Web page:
The obvious answer to the question Where is MIT? is 77 Mass. Ave. But new MIT Alumni Association president Harbo Jensen, PhD ‘74, has a more insightful answer. “I have found that MIT is everywhere. Wherever people get together, the shared MIT experience creates a new MIT community,” he says. “When I graduated and moved 3,000 miles away, I still felt part of MIT.”
For Jensen, staying connected to MIT has meant more than leading the MIT Club of Northern California in the ’70s. He has sought out alumni worldwide during his career with Chevron’s international operations. When he led a project in Argentina, lunch meetings with leaders of the MIT Club of Buenos Aires deepened his understanding of that country. During a project in Greece, he and the head of the MIT Club of Athens discussed the management challenges of the imminent Olympics. Such conversations can develop quickly because of the common vocabulary of MIT experiences. “This spirit encircles the globe,” Jensen says. “I encourage alumni to take advantage of this opportunity to connect, either by becoming active in a club or just getting together informally with fellow alumni.”
As Association president, Jensen will continue his professional work as Chevron’s manager of international technical services. “It’s the perfect job for me,” he says. “It allows me to stay involved in technology, while working primarily in business and negotiations.” A Boston native, he earned his undergraduate degree at Northeastern University and a PhD in chemistry at MIT, and then studied at the UC Berkeley Graduate School of Business. When he’s not traveling, he lives in Novato, CA, with his wife, Tyna, and 16-year-old daughter, Elizabeth. Although he’s worked for Chevron since 1974, he also launched his own entrepreneurial venture, Cal Bionics, in the ’70s. As CEO, he successfully led the company’s signature product, hydrophilic polymers for soft contact lenses, through development, FDA approval, and manufacturing.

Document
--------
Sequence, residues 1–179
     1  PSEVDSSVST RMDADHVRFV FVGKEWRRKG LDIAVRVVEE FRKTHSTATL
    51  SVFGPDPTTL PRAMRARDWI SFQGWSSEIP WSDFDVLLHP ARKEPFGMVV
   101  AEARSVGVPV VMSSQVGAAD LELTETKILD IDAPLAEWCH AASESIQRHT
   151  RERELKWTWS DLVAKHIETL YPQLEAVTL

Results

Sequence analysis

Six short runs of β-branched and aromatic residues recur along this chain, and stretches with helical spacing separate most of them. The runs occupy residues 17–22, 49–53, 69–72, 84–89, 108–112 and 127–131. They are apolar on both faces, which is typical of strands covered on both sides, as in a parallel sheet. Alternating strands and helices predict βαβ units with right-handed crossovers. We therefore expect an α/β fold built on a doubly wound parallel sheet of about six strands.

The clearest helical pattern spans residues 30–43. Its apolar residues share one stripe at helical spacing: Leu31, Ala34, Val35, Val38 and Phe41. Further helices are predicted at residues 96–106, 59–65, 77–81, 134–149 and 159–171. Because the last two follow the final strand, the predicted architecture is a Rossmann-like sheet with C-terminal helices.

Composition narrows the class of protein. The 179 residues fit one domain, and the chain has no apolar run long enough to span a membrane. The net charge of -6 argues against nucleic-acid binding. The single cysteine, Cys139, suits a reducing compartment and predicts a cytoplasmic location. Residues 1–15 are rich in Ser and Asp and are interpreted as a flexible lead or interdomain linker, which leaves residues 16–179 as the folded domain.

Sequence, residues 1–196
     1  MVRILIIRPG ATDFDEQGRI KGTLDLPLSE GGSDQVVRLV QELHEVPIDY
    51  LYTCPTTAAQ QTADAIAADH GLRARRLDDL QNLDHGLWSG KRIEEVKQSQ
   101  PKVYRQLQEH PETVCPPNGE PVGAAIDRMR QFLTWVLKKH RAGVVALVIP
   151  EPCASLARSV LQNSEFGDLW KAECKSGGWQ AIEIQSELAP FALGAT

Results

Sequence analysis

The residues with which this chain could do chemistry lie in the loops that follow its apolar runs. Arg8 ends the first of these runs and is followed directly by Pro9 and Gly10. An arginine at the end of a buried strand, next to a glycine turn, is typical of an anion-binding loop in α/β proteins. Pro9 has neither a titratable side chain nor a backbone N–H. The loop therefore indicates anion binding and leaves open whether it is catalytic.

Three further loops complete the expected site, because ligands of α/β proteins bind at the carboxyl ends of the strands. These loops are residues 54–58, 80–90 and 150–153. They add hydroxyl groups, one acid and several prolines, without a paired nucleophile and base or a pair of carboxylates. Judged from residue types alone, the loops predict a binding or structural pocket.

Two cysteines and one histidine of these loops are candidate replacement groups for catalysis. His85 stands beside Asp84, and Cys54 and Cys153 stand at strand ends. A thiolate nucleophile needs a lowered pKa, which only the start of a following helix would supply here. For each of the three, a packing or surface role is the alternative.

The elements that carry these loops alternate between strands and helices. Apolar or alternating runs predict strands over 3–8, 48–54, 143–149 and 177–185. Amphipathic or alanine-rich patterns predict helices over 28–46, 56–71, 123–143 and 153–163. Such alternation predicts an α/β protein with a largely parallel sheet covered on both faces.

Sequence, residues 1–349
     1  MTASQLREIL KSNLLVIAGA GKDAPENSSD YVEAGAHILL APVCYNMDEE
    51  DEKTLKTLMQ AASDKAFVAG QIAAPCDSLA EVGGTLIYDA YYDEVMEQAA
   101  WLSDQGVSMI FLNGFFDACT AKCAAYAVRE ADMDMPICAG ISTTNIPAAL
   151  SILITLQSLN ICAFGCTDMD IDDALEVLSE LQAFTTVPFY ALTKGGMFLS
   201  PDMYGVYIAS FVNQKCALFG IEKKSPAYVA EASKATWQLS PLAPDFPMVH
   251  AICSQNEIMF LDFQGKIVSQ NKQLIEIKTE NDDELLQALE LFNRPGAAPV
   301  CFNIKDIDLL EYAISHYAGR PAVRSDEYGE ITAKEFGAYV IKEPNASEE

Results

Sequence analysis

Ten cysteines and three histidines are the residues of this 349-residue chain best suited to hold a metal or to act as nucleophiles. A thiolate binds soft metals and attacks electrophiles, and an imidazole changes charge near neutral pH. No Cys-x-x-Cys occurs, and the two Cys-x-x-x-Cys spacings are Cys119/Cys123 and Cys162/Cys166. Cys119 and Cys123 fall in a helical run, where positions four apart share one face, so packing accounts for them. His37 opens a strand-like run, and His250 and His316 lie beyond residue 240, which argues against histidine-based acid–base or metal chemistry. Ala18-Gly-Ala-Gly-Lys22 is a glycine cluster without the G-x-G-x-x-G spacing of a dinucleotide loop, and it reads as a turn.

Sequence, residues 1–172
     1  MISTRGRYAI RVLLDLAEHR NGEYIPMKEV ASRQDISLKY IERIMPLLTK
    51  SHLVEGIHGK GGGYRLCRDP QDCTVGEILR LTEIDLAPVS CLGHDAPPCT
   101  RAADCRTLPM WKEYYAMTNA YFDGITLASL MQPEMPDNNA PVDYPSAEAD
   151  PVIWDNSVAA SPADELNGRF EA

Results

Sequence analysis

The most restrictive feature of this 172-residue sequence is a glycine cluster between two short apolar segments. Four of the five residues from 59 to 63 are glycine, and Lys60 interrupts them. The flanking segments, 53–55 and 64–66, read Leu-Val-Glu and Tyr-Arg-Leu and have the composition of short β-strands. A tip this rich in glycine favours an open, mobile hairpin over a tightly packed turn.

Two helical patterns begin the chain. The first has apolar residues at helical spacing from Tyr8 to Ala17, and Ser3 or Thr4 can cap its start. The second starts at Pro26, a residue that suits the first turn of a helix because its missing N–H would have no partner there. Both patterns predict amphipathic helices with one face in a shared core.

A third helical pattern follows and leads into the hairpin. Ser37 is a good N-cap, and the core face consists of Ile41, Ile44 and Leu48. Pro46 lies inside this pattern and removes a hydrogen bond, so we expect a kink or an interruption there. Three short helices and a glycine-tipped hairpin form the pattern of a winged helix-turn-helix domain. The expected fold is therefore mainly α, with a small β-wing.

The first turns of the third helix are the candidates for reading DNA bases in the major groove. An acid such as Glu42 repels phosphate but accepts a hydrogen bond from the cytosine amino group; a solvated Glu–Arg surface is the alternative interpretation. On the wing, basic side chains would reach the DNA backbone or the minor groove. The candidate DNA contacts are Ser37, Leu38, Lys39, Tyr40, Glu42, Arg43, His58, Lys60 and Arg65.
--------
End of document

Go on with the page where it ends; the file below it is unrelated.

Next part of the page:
Jensen is on campus regularly as a member of the MIT Corporation and of visiting committees for chemical engineering, materials science and engineering, and biological engineering. His many leadership roles earned him the Association’s Lobdell and Bronze Beaver awards.
The new president sees participation as vital to strengthening MIT’s global presence. “Participation continually reinvigorates club leadership and develops new topics to interest new members,” he says. “Engaging tools such as the Infinite Connection are great ways of creating a virtual community. Then, getting together face to face creates a real community, our own little MIT community–anywhere we get together, anywhere on earth.”
How Rust went from a side project to the world’s most-loved programming language
For decades, coders wrote critical systems in C and C++. Now they turn to Rust.
The inside story of how ChatGPT was built from the people who made it
Exclusive conversations that take us behind the scenes of a cultural phenomenon.
Design thinking was supposed to fix the world. Where did it go wrong?
An approach that promised to democratize design may have done the opposite.
Sam Altman invested $180 million into a company trying to delay death
Can anti-aging breakthroughs add 10 healthy years to the human life span? The CEO of OpenAI is paying to find out.
Get the latest updates from
MIT Technology Review
Discover special offers, top stories, upcoming events, and more.